"First, there must be a 'substantial' government interest that informs the regulatory scheme pursuant to which the inspection is made....
Second, the warrantless inspections must be 'necessary to further [the] regulatory scheme.'
Finally, 'the statute's inspection program, in terms of the certainty and regularity of its application, [must] provid [e] a constitutionally adequate substitute for a warrant.' In other words, the regulatory statute must perform the two basic functions of a warrant: it must advise the owner of the commercial premises that the search is being made pursuant to the law and has a properly defined scope, and it must limit the discretion of the inspecting officers. To perform this first function, the statute must be 'sufficiently comprehensive and defined that the owner of commercial property cannot help but be aware that his property will be subject to periodic inspections undertaken for specific purposes.' In addition, in defining how a statute limits the discretion of the inspectors, ... it must be 'carefully limited in time, place, and scope.' United States v. Biswell, 406 U.S., at 315 [92 S. Ct., at 1596]."
Id. at 702-03, 107 S. Ct. at 2644 (quoting Donovan v. Dewey, 452 U.S. 594, 600, 602, 603, 101 S. Ct. 2534, 2538, 2539, 2540, 69 L. Ed. 2d 262 (1981)). The two major questions relevant to the constitutionality of Gerber's search are whether V-1 is pervasively regulated and whether the Act provides a constitutionally adequate substitute for a search warrant.1
A pervasively regulated industry is one which has "such a history of government oversight that no reasonable expectation of privacy could exist...." Marshall v. Barlow's, Inc., 436 U.S. at 313, 98 S. Ct. at 1821 (citation omitted). " [T]he doctrine is essentially defined by 'the pervasiveness and regularity of the ... regulation' and the effect of such regulation upon an owner's expectation of privacy." New York v. Burger, 482 U.S. at 701, 107 S. Ct. at 2643 (quoting Donovan v. Dewey, 452 U.S. 594, 606, 101 S. Ct. 2534, 2542, 69 L. Ed. 2d 262 (1981)). Pervasively regulated industries "represent the 'exception' rather than the rule." Marshall v. Horn Seed Co., 647 F.2d 96, 99 n. 1 (10th Cir. 1981) (quoting Marshall v. Barlow's, Inc., 436 U.S. at 313, 98 S. Ct. at 1820); see also McLaughlin v. Kings Island, 849 F.2d 990, 994 (6th Cir. 1988).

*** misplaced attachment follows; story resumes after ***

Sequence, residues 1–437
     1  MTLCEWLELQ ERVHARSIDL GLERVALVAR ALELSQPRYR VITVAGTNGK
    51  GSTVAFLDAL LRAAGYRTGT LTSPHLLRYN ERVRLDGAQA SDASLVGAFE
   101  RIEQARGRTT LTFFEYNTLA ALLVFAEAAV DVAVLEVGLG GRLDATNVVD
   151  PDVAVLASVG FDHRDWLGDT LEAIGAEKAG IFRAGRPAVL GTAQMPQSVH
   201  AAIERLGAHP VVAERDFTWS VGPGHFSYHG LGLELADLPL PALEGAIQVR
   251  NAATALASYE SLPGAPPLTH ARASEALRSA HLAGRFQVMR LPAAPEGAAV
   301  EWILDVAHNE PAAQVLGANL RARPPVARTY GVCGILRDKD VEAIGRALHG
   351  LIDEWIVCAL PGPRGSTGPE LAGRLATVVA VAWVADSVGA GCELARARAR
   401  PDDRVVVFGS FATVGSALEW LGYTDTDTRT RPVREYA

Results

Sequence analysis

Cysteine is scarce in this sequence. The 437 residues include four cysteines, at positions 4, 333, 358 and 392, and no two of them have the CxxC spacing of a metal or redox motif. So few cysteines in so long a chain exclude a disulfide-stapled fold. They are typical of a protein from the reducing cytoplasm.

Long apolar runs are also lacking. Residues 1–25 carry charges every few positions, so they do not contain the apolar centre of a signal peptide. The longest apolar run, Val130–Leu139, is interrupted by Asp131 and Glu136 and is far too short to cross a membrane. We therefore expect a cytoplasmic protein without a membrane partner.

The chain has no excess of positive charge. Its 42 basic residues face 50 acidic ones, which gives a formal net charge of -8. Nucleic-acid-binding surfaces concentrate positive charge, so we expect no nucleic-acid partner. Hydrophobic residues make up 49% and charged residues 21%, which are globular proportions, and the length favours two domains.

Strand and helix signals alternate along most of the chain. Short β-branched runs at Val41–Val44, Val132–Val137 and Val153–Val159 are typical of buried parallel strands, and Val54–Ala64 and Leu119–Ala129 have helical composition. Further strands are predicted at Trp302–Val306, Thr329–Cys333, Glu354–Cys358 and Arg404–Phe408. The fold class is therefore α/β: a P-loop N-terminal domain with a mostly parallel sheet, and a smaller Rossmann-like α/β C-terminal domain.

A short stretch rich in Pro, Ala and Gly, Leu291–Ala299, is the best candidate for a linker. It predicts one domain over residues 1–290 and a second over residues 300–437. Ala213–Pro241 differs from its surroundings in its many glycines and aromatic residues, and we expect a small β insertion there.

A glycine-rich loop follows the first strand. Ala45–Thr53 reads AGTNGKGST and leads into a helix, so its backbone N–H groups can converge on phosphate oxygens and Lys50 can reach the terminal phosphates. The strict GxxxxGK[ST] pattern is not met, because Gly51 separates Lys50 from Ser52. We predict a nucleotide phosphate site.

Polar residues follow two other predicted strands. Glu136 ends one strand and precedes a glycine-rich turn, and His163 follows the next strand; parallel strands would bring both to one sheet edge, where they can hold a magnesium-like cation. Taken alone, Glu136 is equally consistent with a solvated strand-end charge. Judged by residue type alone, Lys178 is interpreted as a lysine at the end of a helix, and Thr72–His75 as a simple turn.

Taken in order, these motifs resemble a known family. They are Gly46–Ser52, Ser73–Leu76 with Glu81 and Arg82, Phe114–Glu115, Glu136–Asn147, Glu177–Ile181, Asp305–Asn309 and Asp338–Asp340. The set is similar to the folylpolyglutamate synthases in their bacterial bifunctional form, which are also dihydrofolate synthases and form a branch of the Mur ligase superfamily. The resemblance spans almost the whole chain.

Wyoming state law2 requires a license and payment of a fee before one may do business as a gasoline dealer. Wyo.Stat. Sec. 39-6-203(b) (1988). Violation of this requirement is a misdemeanor. Wyo.Stat. Sec. 39-6-213(a) (1988). The price of the gasoline must be displayed conspicuously, Wyo.Stat. Sec. 39-6-205 (1988), and gasoline tax must be collected, Wyo.Stat. Sec. 39-6-209 (1988). However, while gasoline wholesalers and refiners must submit reports and keep special records, Wyo.Stat. Secs. 39-6-204, -206, -208 (1989), gasoline dealers face no similar requirement. Under federal law, owners of underground gasoline storage tanks must furnish substantial and detailed information about the tanks and must permit certain inspections3 and monitoring. See 42 U.S.C. §§ 6991-6991i.
In Burger, the Supreme Court held that New York vehicle dismantlers were pervasively regulated because they were subject to the following circumscriptions: the requirement of a license and payment of a fee; the maintenance and availability for inspection of certain records; the display of the operator's registration number; and the existence of criminal penalties for failure to comply with these provisions. Burger v. New York, 482 U.S. at 704-05, 107 S. Ct. at 2644-45. The aggregation of requirements to which Wyoming gas stations are subject is equally intrusive, so we affirm the district court's holding that V-1 was pervasively regulated.